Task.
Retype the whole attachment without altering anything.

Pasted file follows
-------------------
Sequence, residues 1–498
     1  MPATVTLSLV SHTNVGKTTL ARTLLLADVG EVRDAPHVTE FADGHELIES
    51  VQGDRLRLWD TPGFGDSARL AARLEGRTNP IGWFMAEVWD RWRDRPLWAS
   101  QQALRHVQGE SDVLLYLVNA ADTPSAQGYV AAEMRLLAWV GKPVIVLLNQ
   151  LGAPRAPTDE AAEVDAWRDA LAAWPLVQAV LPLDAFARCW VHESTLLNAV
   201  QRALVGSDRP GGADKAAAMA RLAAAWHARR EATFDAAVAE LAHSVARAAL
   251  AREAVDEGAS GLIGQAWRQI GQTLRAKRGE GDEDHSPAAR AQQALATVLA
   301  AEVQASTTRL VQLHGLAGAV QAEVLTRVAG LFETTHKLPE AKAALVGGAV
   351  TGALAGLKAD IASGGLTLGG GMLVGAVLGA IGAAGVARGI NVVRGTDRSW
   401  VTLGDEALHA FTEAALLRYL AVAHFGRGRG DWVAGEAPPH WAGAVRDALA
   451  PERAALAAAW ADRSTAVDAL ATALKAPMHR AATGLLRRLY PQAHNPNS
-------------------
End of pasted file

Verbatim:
Sequence, residues 1–498
     1  MPATVTLSLV SHTNVGKTTL ARTLLLADVG EVRDAPHVTE FADGHELIES
    51  VQGDRLRLWD TPGFGDSARL AARLEGRTNP IGWFMAEVWD RWRDRPLWAS
   101  QQALRHVQGE SDVLLYLVNA ADTPSAQGYV AAEMRLLAWV GKPVIVLLNQ
   151  LGAPRAPTDE AAEVDAWRDA LAAWPLVQAV LPLDAFARCW VHESTLLNAV
   201  QRALVGSDRP GGADKAAAMA RLAAAWHARR EATFDAAVAE LAHSVARAAL
   251  AREAVDEGAS GLIGQAWRQI GQTLRAKRGE GDEDHSPAAR AQQALATVLA
   301  AEVQASTTRL VQLHGLAGAV QAEVLTRVAG LFETTHKLPE AKAALVGGAV
   351  TGALAGLKAD IASGGLTLGG GMLVGAVLGA IGAAGVARGI NVVRGTDRSW
   401  VTLGDEALHA FTEAALLRYL AVAHFGRGRG DWVAGEAPPH WAGAVRDALA
   451  PERAALAAAW ADRSTAVDAL ATALKAPMHR AATGLLRRLY PQAHNPNS